The US Enfield M1917 is a manually operated, rotating bolt action rifle that is a near duplicate of the British Pattern 1914 (“Pattern 14”) Enfield rifle. In 1915, three private US gun manufacturers began production on the Pattern 14 at the behest of the British government, due to their inability to produce enough during World War I. When the United States entered World War I in 1917, it experienced a similar shortage of infantry rifles given that the government-operated plants were unable to produce enough Springfield M1903 rifles for US troops. Since the .303 caliber Pattern 14 rifles were already in production in the US, the US government adopted this platform and rechambered it for use with the US .30-06 round. The resulting rifle was adopted as the "US Rifle, .30 caliber, Model of 1917", and produced by the same three plants between 1917 and 1918. During that short time, more than two million M1917 rifles were produced and delivered to the US Army. There were actually more Enfield 1917’s issued during WWI than the official 1903 Springfields.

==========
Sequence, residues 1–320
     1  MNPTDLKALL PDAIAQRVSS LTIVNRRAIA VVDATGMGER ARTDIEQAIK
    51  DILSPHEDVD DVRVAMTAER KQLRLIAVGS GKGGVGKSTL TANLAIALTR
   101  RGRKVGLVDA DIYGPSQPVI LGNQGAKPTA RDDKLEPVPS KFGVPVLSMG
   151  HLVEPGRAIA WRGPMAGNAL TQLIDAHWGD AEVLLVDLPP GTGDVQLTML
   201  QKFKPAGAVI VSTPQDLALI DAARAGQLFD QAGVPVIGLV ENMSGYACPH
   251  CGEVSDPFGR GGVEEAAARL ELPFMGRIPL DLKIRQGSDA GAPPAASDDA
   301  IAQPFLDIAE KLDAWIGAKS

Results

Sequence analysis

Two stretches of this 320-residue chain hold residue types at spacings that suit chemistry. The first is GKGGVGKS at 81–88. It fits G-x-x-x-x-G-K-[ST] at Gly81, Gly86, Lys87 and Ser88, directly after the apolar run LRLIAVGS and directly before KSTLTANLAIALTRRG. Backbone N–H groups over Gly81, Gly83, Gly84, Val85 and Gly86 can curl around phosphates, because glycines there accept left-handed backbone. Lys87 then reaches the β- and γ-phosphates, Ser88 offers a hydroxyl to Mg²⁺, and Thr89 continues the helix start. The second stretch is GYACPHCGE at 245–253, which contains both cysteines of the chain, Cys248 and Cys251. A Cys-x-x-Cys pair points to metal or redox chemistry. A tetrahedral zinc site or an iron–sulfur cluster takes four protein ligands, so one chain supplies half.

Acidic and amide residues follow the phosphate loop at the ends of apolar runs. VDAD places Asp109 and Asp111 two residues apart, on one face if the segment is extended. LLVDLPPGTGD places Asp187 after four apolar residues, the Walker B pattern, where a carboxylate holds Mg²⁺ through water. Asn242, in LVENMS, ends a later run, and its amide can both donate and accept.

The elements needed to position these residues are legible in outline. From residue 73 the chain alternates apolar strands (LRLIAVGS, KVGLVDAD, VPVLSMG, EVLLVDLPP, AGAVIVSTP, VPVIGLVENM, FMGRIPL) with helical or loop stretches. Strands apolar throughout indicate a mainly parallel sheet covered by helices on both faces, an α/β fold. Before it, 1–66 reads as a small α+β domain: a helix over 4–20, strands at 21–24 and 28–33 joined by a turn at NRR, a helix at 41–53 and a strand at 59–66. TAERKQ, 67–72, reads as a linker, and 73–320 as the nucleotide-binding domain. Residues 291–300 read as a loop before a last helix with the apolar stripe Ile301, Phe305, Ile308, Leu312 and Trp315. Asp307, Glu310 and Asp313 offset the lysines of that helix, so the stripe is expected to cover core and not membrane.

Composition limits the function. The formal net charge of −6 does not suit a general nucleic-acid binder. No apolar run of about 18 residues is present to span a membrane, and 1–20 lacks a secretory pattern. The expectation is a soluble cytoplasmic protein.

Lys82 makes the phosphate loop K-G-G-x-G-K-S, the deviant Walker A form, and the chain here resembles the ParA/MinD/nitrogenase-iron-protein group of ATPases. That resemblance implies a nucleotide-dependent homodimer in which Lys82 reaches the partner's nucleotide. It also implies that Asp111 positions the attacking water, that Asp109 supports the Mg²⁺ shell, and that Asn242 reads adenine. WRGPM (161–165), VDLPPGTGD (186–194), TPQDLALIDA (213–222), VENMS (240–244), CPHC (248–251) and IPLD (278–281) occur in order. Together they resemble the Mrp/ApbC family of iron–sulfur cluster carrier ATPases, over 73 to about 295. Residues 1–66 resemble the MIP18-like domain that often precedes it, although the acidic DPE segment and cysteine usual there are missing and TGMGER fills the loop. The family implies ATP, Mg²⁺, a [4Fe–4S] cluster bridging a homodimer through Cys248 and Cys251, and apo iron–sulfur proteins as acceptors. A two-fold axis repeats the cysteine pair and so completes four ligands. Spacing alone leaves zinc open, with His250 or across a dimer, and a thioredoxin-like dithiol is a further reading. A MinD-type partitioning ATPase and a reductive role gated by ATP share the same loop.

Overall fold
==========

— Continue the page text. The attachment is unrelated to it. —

Since it never was officially adopted by the US military, during the early part of World War II the surplus M1917 rifles were shipped to Britain, where they were issued to the Home Guard.